Esports being shown in an arena with a huge packed out crowd

How the COVID-19 Coronavirus is affecting Esports

On March 11th, E3 2020 was formally announced as cancelled due to the COVID-19 (Coronavirus) pandemic. The event – once exclusively for press/industry – began selling general admission passes as of 2017, and hosted over 66,000 visitors last year. Though certainly not the greatest disruption the ongoing crisis has caused, it’s still left the industry without its biggest yearly showcase at a pivotal time. There are two new consoles on the horizon and many highly anticipated appearances from developers across the industry that will now have to be revealed with considerably less grandeur. 

Although E3’s cancellation has certainly dominated the headlines, it’s also hit much closer to home with the postponement of Manchester’s PLAY Expo and a dramatic knock-on effect has all but eliminated public gaming tournaments across the world. Overwatch League has cleared its schedule from here to April, the League of Legends championships will continue with no physical viewership, and the Pokemon European International Championships, taking place in Berlin, has now been postponed from its April 17-19th dates. These are just a few big examples, though – pretty much every big tournament you can imagine has been altered, postponed, or outright cancelled.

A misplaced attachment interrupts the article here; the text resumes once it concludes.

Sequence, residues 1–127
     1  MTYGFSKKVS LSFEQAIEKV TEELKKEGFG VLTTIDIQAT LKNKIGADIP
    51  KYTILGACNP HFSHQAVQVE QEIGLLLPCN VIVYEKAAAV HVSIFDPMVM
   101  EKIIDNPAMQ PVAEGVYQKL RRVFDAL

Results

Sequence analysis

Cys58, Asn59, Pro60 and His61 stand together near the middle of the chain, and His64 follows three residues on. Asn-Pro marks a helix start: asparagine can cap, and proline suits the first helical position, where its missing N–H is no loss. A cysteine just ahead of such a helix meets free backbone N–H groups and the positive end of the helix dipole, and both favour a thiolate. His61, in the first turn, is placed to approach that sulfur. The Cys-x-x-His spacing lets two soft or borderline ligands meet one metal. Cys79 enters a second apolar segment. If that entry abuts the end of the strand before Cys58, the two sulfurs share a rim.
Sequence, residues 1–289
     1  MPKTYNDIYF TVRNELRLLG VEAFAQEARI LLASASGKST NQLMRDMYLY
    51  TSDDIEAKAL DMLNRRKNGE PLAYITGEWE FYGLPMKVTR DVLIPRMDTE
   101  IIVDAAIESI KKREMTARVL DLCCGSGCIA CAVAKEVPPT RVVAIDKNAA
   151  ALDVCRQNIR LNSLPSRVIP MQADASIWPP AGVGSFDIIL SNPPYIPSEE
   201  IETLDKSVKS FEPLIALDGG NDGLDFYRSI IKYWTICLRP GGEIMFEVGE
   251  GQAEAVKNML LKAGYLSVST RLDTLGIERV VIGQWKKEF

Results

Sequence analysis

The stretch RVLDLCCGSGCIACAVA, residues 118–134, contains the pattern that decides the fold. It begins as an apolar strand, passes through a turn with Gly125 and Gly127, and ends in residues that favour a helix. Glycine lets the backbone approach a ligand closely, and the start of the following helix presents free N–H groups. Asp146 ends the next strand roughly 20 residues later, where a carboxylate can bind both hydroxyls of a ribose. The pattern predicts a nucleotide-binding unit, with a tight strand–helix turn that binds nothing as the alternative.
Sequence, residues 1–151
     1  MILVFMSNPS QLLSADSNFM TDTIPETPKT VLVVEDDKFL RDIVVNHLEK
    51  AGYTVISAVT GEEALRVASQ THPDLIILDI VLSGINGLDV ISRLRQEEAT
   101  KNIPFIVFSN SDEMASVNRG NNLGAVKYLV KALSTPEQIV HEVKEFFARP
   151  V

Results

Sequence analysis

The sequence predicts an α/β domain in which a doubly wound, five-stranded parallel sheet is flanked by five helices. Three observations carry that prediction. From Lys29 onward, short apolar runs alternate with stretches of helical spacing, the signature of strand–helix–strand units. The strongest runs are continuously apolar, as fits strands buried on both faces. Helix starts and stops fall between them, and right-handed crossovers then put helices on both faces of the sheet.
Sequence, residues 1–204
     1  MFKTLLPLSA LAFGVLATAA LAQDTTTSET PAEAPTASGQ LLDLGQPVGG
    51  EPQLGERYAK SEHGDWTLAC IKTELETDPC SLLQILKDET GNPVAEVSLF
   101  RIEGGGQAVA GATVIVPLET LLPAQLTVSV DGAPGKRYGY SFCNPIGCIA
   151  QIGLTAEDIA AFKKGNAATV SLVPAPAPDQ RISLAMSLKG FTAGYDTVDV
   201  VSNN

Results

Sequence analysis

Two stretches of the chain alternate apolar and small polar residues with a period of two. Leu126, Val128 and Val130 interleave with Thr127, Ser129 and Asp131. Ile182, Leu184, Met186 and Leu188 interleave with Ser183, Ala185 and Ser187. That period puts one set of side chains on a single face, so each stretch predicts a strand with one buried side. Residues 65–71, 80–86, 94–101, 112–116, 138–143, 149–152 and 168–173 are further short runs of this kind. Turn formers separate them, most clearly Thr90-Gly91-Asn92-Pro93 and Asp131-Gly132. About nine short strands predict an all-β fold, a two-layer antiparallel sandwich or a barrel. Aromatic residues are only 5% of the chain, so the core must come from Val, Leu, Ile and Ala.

Coronavirus has caused many cancellations, leaving arenas like the below empty

Esports tournaments and other events are being cancelled due to the Coronavirus

Esports was set for an extraordinary year, financially. An industry that was once seen as a niche is suddenly big business, and these events draw massive crowds of people now. Unfortunately, something that we once all took for granted now seems like a tremendous luxury, and to ensure the safety of the wide and varied communities Esports attracts, these drastic measures to combat the Coronavirus had to come in sooner rather than later. It’s hard to gauge just how much damage this will do in the long run – luckily the majority of these events with stakes and prizes can still go ahead via remote play even if it isn’t entirely ideal. 

We will undoubtedly see a domino effect as multiple supporting industries – venues especially – are suddenly out of pocket, their audiences now dispersed and every sensible person on the planet now doing their best to stay isolated. It has been incredible to watch the scene develop and grow alongside gaming’s core popularity, and hopefully, this will be a relatively small hitch that doesn’t slow that momentum.

As a result of the widespread cancellations caused by the Coronavirus, many sport betting sites have also stopped providing new odds on the events entirely. It seems obvious given the circumstances, and the uncertain times we find ourselves plunged into. For now, many of these events are simply postponed, but who can say what will change over the next few months? It’s probably for the best to just bow out now and assume that when everyone can eventually come out of their homes again they’ll be up for some sport.

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